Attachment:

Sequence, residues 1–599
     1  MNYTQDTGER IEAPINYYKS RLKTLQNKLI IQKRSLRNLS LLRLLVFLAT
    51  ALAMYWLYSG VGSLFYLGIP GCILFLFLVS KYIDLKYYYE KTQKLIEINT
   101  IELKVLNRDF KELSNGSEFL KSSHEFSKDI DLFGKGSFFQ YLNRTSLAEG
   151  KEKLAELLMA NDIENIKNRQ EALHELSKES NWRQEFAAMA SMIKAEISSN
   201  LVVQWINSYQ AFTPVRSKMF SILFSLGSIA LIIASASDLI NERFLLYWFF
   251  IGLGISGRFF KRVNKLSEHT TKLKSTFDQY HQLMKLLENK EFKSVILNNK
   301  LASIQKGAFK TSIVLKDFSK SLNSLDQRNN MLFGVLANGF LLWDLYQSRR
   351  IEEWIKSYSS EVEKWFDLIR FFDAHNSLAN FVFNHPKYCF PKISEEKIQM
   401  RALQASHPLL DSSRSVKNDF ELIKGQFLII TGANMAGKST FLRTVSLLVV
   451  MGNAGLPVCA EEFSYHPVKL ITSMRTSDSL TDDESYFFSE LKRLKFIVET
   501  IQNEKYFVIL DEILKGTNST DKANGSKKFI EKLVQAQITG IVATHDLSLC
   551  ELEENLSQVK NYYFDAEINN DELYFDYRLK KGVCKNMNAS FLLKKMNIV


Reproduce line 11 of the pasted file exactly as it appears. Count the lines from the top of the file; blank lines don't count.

   451  MGNAGLPVCA EEFSYHPVKL ITSMRTSDSL TDDESYFFSE LKRLKFIVET